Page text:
The Pamphlet Collection of Sir Robert Stout: Volume 53
He Used None that have been Refuted
He Used None that have been Refuted.
The combined wisdom and genius of all mankind cannot possibly conceive of an argument against liberty of thought. Neither can they show why any one should be punished, either in this world or another, for acting honestly in accordance with reason; and yet a doctrine with every possible argument against it has been, and still is, believed and defended by the entire orthodox world. Can it be possible that we have been endowed with reason simply that our souls may be caught in its toils and snares, that we may be led by its false and delusive glare out of the narrow path that leads to joy into the broad way of everlasting death? Is it possible that we have been given reason simply that we may through faith ignore its deductions and avoid its conclusions! Ought the sailor to throw away his compass and depend entirely upon the fog? If reason is not to be depended upon in matters of religion—that is to say, in respect of our duties to the Deity—why should it be relied upon in matters respecting the rights of our fellows? Why should we throw away the law given to Moses by God himself, and have the audacity to make some of our own? How dare we drown the thunders of Sinai by calling the ayes and noes in a petty legislature? If reason can determine what is merciful, what is just, the duties of man to man, what more do we want either in time or eternity? Down, for ever down, with any religion that requires upon its ignorant altar its sacrifice of the goddess Reason; that compels her to abdicate for ever the shining throne of the soul, strips from her form the imperial purple, snatches from her hand the sceptre of thought, and makes her the bondwoman of a senseless faith.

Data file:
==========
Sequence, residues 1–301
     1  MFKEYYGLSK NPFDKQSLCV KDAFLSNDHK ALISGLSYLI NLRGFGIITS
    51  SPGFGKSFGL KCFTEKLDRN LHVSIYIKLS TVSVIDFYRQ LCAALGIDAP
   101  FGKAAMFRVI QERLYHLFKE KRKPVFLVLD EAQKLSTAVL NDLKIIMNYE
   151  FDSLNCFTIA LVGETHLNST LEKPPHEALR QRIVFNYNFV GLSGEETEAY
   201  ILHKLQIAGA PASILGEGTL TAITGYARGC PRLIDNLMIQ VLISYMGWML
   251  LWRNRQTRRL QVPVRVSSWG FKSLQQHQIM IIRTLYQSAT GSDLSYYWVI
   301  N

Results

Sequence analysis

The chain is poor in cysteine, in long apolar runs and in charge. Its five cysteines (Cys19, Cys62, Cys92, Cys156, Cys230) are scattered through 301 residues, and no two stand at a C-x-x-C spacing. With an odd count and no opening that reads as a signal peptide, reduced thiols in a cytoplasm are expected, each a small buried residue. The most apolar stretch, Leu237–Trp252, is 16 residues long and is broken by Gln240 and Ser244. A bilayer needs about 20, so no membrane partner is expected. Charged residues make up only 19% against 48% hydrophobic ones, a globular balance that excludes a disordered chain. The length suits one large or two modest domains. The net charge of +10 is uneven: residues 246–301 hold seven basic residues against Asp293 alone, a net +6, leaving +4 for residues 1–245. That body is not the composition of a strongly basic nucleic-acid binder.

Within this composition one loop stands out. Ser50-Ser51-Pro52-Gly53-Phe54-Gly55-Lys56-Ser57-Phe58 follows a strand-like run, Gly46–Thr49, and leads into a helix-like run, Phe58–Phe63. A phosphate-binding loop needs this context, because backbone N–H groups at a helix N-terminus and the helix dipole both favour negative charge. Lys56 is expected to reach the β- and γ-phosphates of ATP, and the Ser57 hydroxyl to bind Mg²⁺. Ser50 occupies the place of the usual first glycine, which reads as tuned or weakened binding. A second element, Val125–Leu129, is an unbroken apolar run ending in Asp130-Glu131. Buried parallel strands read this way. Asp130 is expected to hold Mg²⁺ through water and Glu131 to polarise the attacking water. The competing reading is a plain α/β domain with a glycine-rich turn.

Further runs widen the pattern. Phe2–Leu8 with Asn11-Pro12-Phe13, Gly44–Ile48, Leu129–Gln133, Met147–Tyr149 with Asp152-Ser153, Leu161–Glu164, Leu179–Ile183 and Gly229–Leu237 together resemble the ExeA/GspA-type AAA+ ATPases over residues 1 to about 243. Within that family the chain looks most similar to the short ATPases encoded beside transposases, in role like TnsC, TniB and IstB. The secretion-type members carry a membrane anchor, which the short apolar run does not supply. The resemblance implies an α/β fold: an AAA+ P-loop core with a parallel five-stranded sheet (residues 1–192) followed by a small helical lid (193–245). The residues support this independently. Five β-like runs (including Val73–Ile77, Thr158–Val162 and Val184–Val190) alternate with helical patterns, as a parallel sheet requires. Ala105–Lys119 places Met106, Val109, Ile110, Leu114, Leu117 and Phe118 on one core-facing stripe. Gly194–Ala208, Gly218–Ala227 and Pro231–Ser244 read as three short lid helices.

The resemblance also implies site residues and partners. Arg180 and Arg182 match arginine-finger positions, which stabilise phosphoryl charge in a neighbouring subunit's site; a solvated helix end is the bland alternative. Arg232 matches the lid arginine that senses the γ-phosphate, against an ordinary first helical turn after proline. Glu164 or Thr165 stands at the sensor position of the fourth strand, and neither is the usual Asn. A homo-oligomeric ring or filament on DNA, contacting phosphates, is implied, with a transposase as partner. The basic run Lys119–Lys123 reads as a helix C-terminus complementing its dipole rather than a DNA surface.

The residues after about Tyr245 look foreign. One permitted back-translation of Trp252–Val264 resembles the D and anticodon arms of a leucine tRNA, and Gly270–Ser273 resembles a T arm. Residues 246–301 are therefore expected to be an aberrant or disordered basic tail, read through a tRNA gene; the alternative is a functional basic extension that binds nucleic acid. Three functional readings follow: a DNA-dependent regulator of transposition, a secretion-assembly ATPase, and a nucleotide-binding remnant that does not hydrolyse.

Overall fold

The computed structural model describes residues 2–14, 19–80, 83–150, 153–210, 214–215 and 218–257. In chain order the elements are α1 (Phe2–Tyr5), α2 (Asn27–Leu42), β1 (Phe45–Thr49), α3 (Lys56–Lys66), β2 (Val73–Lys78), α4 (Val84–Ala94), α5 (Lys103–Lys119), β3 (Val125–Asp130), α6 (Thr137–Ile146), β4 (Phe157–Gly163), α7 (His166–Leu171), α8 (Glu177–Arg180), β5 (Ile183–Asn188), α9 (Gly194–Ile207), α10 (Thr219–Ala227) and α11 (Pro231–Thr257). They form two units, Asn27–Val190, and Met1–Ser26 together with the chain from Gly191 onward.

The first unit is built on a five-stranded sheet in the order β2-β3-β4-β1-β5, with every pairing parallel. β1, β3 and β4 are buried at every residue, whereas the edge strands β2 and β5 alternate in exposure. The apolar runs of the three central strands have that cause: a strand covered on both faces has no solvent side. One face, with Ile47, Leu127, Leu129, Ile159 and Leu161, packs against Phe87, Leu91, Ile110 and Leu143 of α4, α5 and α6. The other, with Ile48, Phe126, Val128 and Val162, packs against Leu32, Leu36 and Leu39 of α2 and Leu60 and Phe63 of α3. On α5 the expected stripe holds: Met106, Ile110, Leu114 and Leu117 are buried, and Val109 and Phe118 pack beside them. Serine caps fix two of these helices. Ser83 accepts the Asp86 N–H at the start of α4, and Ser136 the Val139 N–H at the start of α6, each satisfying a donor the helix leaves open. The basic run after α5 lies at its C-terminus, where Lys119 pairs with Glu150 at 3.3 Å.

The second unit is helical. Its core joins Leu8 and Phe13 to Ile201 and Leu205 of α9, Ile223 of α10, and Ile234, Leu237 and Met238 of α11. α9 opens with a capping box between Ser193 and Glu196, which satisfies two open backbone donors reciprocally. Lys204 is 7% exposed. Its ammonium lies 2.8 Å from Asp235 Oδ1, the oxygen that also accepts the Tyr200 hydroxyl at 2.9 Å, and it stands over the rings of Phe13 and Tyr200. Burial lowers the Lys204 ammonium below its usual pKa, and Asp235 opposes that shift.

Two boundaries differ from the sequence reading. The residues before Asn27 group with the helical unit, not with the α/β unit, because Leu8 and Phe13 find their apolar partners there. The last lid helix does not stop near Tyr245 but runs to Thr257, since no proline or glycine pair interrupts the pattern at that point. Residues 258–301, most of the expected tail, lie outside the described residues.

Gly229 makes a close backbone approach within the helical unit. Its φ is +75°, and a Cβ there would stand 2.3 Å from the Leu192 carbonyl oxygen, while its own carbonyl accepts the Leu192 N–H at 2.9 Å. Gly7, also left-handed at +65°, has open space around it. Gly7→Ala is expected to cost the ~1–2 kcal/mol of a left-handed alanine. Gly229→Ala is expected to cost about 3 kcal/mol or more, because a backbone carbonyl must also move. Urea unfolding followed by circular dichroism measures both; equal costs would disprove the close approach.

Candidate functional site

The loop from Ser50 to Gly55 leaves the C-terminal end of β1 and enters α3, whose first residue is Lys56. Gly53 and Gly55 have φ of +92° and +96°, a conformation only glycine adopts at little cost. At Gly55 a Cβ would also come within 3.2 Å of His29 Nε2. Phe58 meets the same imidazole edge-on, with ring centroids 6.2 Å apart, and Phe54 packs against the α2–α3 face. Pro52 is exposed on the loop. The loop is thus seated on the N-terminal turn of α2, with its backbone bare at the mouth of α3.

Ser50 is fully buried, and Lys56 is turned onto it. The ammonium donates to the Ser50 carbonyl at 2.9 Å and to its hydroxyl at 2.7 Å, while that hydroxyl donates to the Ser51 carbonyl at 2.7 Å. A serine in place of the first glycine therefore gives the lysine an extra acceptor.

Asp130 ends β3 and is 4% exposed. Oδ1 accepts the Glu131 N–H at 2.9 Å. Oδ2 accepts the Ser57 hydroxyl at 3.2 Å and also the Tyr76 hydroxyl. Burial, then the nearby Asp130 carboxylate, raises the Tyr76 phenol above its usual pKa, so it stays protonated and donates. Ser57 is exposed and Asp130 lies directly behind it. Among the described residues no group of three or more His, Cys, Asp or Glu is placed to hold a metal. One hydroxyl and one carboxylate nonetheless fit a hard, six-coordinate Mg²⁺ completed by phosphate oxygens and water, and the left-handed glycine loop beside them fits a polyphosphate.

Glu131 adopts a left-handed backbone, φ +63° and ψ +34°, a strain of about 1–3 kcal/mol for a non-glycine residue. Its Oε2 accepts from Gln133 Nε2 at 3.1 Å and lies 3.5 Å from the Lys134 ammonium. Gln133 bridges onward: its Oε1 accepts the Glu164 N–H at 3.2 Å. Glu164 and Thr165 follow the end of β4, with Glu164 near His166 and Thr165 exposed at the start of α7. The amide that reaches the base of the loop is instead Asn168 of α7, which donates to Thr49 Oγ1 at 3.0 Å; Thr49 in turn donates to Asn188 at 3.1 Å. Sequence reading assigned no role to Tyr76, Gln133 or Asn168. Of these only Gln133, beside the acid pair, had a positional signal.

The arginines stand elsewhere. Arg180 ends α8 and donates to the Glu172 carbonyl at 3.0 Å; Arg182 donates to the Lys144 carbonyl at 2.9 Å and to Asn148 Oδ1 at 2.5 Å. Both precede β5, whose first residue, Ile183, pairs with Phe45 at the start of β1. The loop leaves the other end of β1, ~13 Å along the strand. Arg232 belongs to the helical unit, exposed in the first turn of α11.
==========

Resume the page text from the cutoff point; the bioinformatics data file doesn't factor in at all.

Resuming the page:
If a man should tell you he had the most beautiful painting in the world, and after taking you where it was should insist upon having your eyes shut, you would likely suspect either that he had no painting or that it was some pitiable daub. Should he tell you that he was a most excellent performer on the violin, and yet refused to play unless your cars were stopped, you would think, to say the least of it, that he had an odd way of convincing you of his musical ability. But would his conduct be any more wonderful than that of a religionist who asks that before examining his creed you will have the kindness to throw away your reason? The first gentleman says:—"Keep your eyes shut; my picture will bear everything but being seen." "Keep your ears stopped; my music objects to nothing but being heard." The last says:—"Away with your reason; my religion dreads nothing but being understood."
So far as I am concerned, I most cheerfully admit that most Christians are honest and most ministers sincere. We do not attack them;